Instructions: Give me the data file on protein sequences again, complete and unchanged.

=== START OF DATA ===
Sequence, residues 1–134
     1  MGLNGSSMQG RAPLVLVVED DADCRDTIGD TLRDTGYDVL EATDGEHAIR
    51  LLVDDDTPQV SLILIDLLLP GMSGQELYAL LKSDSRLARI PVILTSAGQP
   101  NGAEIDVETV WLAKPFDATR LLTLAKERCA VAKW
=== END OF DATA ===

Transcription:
Sequence, residues 1–134
     1  MGLNGSSMQG RAPLVLVVED DADCRDTIGD TLRDTGYDVL EATDGEHAIR
    51  LLVDDDTPQV SLILIDLLLP GMSGQELYAL LKSDSRLARI PVILTSAGQP
   101  NGAEIDVETV WLAKPFDATR LLTLAKERCA VAKW